The student of the Lycée Duty Boukman resume their classes. This school served as a temporary shelter for a short time.

Together with UNICEF colleague Brice, school inspectors and NGO partners, I am part of a joint assessment mission whose purpose is to find out which schools have been flooded or damaged during Irma. The ambition is to focus the limited resources where they are most needed, to make sure that all students can get back to the classroom quickly.

But the challenge goes beyond school infrastructure. “Many of our teachers and the families of our students have seen their homes flooded during Irma. They are not in school because they are busy recuperating what can be saved.” Explains us Maitre Jean Baptiste, the director of Mebane school. Indeed out of the six schools that my team visits three didn’t have students today, and the others had only a small part of their usual effectif.

All the students have yet to resume classes

Access is another issue. Already challenging to reach in the dry season some schools are circled in by mud and small streams as a consequence of heavy rainfall. In the attempt to reach the school of Beudoux, on top of our list because of reported damages, our car gets stuck twice. And only the expertise of Gabrielle our experienced driver saved us from pushing to the shore.

Irma has lifted the fine veil on existing vulnerabilities. “I came to the shelter because the place where I live was flooded. My parents died during the 2010 earthquake, so now I stay with the woman I work for. To make a living I am transporting things from Haiti to the Dominican Republic and back. It’s a while that I haven’t gone to school. It’s too expensive.” Explains Renel, 14 years old. He came to the shelter and once it closed he returned to his life at the margin of society…

The schools, roads, homes that are most affected by Irma are those that were struggling already before. In St Martin, the Storm was strong and crushed solid infrastructure; in Haiti it was soft und weakened further what was fragile before. Mother Nature is giving us another nudge, another lesson on the vital importance of structural investment to unveil Haiti’s sleeping potential. Irma today is not about emergency relief, but about a thorough commitment to local communities. UNICEF is supporting them on their way back, back to school, back to normality, forward to the Future.

 

Stay posted

Haiti – Preparation and lessons learnt made the difference

Fort Liberté, September 10th – 48 hours have passed since Irma’s soft passage. In the words of the departmental head of the Education Ministry in the North East, Irma was a ‘failed hurricane’. And yet, there is still an aftermath. With my colleagues Abner and Brice, who had been stationed in the North from the middle of last week to prepare for Irma, I had the opportunity today to visit shelters in Ouanaminthe and Fort Liberté, the most affected areas.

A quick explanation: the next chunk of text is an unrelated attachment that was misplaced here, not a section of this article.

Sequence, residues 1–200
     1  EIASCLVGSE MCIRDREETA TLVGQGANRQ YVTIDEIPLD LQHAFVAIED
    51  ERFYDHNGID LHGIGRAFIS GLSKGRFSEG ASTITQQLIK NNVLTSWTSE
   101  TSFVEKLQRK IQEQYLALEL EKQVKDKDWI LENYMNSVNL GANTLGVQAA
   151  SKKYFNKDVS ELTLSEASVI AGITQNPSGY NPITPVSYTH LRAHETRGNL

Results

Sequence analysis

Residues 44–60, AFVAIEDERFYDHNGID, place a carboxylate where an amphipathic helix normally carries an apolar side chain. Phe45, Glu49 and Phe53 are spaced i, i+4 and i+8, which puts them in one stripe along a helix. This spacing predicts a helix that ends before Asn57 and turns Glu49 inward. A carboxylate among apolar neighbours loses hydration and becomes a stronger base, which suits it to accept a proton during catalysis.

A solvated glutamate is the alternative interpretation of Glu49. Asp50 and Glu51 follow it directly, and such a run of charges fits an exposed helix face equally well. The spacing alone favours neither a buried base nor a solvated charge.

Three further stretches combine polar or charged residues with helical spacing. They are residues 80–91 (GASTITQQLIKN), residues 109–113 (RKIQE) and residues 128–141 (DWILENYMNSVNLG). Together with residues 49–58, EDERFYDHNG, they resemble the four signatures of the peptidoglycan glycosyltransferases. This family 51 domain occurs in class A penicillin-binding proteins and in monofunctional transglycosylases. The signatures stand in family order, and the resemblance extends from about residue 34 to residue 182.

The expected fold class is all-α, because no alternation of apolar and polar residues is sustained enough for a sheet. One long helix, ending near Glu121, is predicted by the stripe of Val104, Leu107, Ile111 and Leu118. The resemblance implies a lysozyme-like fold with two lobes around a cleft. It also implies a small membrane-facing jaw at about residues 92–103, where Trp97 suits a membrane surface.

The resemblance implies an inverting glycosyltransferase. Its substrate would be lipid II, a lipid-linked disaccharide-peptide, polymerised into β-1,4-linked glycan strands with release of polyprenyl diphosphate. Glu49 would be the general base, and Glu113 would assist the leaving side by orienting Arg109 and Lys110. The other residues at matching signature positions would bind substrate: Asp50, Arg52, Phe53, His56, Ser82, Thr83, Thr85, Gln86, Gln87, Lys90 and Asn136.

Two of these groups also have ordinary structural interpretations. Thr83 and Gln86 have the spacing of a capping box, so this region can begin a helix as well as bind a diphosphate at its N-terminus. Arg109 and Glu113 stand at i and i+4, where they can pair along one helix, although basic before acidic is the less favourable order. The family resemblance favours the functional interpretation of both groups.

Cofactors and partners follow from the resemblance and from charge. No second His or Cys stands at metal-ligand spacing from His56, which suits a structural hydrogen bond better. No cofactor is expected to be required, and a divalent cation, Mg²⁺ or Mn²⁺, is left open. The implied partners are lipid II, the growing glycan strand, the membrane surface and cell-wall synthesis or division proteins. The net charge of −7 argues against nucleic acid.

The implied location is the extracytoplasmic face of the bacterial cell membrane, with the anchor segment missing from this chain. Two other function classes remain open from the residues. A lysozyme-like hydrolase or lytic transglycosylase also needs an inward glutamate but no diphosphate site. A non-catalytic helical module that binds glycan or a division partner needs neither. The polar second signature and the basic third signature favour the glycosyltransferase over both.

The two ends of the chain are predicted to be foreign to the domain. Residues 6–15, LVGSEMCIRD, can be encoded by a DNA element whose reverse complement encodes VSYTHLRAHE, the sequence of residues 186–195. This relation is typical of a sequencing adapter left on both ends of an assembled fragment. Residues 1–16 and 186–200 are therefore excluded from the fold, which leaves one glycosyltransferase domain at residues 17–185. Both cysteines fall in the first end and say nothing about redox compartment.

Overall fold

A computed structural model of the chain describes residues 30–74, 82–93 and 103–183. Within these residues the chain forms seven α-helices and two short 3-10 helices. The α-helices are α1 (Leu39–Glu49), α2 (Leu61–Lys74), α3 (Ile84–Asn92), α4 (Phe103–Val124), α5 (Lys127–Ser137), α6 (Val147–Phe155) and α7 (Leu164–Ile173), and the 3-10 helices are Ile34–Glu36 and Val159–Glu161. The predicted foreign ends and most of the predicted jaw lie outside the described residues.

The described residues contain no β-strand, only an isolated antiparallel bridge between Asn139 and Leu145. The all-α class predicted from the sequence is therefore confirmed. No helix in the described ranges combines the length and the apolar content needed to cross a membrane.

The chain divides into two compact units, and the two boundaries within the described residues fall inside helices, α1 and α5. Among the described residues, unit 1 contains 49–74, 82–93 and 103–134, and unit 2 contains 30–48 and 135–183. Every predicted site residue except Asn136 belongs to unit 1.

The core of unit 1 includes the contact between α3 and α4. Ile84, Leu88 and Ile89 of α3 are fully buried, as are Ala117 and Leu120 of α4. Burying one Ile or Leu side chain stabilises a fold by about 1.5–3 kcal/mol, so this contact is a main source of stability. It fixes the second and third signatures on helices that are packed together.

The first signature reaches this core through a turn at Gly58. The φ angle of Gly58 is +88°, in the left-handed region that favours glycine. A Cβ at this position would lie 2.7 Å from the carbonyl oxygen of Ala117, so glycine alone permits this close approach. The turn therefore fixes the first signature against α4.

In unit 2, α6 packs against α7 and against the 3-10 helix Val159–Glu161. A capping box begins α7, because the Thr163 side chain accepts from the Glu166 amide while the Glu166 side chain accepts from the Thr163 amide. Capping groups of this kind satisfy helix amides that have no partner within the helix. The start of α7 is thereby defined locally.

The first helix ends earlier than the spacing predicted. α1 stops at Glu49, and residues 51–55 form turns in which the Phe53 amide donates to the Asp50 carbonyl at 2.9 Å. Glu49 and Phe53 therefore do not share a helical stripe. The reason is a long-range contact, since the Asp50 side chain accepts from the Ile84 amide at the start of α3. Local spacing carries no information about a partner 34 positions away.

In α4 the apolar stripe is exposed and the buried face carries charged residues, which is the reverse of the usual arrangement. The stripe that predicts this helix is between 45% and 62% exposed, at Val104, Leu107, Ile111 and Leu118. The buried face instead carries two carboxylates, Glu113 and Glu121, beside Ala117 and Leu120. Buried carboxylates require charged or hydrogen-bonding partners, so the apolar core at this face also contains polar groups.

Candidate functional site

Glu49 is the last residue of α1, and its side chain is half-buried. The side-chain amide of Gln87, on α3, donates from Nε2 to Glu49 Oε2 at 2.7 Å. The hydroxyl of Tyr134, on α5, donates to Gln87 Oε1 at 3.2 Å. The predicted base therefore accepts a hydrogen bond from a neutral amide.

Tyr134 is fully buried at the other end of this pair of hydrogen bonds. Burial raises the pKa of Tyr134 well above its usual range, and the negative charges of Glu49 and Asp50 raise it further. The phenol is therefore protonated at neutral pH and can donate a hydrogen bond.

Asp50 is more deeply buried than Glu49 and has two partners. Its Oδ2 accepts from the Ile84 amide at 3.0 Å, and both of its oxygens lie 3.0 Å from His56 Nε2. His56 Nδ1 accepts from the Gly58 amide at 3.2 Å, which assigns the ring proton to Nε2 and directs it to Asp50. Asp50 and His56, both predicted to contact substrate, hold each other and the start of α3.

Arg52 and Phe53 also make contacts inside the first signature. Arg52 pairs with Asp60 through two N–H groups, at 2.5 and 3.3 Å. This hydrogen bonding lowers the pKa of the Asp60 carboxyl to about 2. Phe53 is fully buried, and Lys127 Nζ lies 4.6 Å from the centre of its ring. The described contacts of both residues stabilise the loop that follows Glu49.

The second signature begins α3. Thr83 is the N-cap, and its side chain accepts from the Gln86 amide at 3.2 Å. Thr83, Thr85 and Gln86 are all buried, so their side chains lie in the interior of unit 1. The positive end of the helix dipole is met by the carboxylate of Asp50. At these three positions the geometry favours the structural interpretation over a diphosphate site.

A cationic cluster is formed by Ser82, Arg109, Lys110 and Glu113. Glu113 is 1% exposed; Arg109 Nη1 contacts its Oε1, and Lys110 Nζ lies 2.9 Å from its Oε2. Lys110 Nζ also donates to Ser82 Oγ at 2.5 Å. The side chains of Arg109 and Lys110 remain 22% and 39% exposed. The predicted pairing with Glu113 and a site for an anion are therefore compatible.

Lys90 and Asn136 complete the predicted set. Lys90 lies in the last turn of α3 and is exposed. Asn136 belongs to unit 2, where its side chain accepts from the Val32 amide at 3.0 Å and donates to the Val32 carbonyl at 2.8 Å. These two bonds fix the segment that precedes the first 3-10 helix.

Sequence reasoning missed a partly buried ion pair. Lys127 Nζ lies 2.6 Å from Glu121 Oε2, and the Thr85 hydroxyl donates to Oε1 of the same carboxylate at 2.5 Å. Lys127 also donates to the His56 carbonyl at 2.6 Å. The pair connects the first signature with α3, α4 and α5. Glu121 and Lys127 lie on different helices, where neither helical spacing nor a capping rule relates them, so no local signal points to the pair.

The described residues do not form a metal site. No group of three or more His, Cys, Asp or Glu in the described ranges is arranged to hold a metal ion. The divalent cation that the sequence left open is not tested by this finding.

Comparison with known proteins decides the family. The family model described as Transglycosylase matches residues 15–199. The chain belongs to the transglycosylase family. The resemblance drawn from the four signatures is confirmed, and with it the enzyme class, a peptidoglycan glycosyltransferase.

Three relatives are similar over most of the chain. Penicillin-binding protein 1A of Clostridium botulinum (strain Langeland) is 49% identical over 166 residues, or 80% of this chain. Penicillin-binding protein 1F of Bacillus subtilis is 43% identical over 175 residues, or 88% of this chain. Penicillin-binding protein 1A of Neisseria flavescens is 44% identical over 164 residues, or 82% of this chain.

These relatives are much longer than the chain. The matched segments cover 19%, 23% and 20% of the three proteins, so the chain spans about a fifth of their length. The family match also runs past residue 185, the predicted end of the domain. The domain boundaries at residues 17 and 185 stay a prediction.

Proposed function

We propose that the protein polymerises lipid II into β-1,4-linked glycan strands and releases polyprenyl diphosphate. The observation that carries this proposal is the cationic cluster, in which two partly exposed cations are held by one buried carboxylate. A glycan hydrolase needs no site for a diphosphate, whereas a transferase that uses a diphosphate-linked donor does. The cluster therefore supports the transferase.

A school used as temporary shelter.

In total, 13 shelters had been opened in schools, churches and teacher centers, hosting over 5,000 people who had sought refuge at the onset of the hurricane. Some will find their homes flooded when they return home.

“I have eight children and my house is under water. We lost everything so I really hope that the authorities will help us,” said Susanne, 40 years old.

Yet, most were lucky. Predictions of Irma’s destruction were more daunting than her actual touch. Based on the current situation, the schools that had served as shelter will be closed today. Once everyone has left, the classrooms will be cleaned.

To facilitate their return, the families who’d settled in these shelters will receive food and hygiene kits before they are sent home. In the most affected communities, UNICEF and partners have established water bladders to ensure drinking water is accessible despite flooded wells.

The shared objective of Government, civil society and UN partners is to make sure that people can return to their normal lives quickly. To avoid any further delay, schools are supposed to reopen tomorrow, wherever possible.

People in a temporary shelter wait for a distribution.

‘Our benches, chairs and books are under water. Everything is flooded. Reopening the school will take us at least three weeks,” according to Frère René who works with Caritas in Malfety. His school is one of many that were impacted by Irma, and a joint assessment by the government, UNICEF and other education partners is scheduled for tomorrow to ensure assistance is provided where needed.

Despite the weekend, everyone is mobilized, pulling the rope-strings in the same direction. Clearly, lessons have been learned and internalized since Matthew hit Haiti one year ago.

Even though the impact of Hurricane Irma was considered minor, its consequences illustrate once again the prevailing vulnerability of Haiti. Small kicks can make the whole pile collapse.